The Politico Roundtable

Politicos.com FTN
CBS
There will soon be a new outlet for political junkies called Politico.com. About 20 reporters from major newspapers like the New York Times and Washington Post have left their jobs to work at the new Web site which will be devoted solely to politics.

Appearing on Face the Nation some of Politico.com's staff gave a preview of the kind of coverage the Web site will feature.

John Harris, the editor-in-chief of Politico.com said his team was motivated to start the new project because they believe there is a huge audience that craves a deeper knowledge about United States politics.

"This is one of the most consequential elections that we're going to be seeing in at least a generation or maybe more," Harris told Bob Schieffer. "And we believe that we want to be all over that story, and that there's a huge audience in Washington and outside Washington that shares our intense interest in this election."

With political battles brewing over the war in Iraq and between Congress and President Bush, the Politico.com staff has a lot of material to cover.

Republicans like Sen. Chuck Hagel, who also appeared on Face The Nation, are standing up against the president's Bush's plan to send more than 20,000 new troops to Iraq.

"I think it's fascinating to see all the opposition to President Bush," Politico.com executive editor Jim VandeHei, said. "What you have to look for going forward now is how many Republicans get on that resolution and actually say no, do not do this? That number seems to be growing by the day. And if when this resolution comes to the floor, you have two-thirds of the members, including a big chunk of Republicans saying, do not do the surge, that is one heck of a conflict between the president and now Congress, a lot of the commanders who are on the field, and a lot of people in the foreign policy establishment."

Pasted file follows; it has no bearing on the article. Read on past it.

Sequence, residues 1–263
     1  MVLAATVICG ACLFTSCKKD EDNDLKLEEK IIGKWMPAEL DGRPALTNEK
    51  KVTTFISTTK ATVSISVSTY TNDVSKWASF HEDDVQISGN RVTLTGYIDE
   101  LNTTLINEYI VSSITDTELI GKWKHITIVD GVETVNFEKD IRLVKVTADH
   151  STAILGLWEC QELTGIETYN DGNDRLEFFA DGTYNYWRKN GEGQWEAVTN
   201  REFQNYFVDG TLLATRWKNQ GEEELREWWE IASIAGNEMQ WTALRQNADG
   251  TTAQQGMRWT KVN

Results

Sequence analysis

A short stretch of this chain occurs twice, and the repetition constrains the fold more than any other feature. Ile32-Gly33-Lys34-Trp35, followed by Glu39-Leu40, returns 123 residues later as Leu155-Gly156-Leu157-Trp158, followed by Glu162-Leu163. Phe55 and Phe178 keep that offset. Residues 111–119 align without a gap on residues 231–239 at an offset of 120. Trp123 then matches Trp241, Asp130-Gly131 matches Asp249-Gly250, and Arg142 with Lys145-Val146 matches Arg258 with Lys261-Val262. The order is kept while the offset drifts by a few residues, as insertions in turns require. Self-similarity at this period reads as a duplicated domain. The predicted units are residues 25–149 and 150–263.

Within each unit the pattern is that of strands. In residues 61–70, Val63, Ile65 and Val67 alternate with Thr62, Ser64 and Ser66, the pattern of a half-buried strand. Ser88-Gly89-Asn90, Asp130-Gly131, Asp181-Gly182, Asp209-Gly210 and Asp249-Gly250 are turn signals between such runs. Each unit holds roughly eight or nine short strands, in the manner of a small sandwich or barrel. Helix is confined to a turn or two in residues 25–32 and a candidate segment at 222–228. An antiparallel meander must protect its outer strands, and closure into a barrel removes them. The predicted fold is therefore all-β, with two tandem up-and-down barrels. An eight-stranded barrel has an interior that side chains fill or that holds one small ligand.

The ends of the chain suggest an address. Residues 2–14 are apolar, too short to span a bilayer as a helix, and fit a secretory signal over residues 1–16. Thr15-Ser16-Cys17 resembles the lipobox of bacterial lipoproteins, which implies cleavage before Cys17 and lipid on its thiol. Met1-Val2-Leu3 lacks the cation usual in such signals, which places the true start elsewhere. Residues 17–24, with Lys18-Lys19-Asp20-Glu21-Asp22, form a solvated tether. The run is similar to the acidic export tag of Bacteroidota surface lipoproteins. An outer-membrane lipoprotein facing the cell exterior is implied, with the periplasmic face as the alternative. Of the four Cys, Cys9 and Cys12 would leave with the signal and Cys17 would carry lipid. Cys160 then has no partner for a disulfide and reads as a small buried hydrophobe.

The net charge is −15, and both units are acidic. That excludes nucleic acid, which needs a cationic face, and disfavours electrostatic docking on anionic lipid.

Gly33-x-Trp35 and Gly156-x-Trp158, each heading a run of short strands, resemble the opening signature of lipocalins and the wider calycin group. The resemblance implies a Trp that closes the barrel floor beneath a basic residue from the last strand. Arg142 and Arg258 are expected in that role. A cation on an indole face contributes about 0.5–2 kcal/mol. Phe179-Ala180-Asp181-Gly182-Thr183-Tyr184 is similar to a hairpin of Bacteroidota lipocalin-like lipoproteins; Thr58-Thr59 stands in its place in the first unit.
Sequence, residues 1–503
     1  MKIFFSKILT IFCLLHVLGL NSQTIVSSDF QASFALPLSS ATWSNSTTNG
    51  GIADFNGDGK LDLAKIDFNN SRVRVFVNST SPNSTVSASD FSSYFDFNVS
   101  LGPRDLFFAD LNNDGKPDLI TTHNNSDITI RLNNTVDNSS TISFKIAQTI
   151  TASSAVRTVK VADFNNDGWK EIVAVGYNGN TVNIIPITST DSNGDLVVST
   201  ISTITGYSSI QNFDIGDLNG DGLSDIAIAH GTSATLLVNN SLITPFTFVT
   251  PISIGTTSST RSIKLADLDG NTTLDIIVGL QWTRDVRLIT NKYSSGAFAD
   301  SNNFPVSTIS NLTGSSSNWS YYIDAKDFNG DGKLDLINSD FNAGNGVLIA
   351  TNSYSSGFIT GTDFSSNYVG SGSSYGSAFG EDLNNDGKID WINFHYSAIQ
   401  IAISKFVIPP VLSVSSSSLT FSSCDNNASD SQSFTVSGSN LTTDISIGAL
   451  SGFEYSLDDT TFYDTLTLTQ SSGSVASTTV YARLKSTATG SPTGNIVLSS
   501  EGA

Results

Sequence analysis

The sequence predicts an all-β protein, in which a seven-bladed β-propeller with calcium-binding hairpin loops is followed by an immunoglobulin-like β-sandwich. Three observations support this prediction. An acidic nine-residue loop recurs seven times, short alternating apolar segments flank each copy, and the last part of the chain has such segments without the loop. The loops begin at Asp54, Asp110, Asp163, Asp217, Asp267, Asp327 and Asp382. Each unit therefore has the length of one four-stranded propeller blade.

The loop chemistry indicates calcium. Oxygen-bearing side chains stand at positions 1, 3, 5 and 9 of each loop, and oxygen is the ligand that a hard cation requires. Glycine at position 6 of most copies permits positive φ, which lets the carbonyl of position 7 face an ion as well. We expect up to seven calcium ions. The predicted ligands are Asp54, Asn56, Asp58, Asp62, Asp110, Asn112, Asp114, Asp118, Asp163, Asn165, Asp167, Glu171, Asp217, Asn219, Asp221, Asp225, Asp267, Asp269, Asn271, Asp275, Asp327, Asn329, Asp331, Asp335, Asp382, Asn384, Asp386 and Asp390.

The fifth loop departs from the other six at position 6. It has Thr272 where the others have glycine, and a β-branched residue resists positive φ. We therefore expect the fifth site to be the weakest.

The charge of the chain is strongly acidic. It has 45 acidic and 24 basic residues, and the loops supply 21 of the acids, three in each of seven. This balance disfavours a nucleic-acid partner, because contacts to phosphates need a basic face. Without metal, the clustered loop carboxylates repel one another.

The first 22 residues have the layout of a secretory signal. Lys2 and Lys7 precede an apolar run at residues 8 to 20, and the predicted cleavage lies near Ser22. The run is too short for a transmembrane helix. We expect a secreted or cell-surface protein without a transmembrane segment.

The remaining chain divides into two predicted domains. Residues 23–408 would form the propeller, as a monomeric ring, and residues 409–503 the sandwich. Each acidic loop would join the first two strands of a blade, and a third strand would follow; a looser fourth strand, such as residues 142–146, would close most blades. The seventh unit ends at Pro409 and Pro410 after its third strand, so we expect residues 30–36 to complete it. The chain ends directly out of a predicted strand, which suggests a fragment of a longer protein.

VandeHei said the number of senators who firmly support the president can be counted on one hand and Bush is finding himself further isolated — making it harder for him to govern effectively.

Iraq will almost certainly be the threshold issue of the next presidential election as well. Standing by the president could hurt Republicans in 2008. For example Harris said the issue is potentially a campaign ending one for Sen. John McCain, R-Ariz., who supports a troop increase.

At the same time, Democrats are stealing headlines with announcements from Sen. Barack Obama, D-Ill., and Sen. Hilary Clinton, D-N.Y., that they will run for president in 2008.

"It puts her on the national stage right before the State of the Union address," Politico congressional reporter Josephine Hearn said. "She wants to be able to engage the president on that and this gives her a wonderful opportunity to."

Hearn said Clinton's decision to announce online with a chat rather than a speech is her attempt to change the way people see her.

"She can be not only authoritative but also charming and likable," Hearn said. "And that does not project very well sometimes through TV or when she's giving big speeches."

While Clinton is already well-known, Obama needs to get the country to understand his positions and abilities Harris said. He needs to prove that he is more than just a fresh face, and that he is authoritative enough to be the president.

"He has not cleared that threshold," Harris said.

The Politico launches Tuesday, Jan. 23. CBS News and CBSNews.com will partner with Politico.com for campaign 2008 coverage.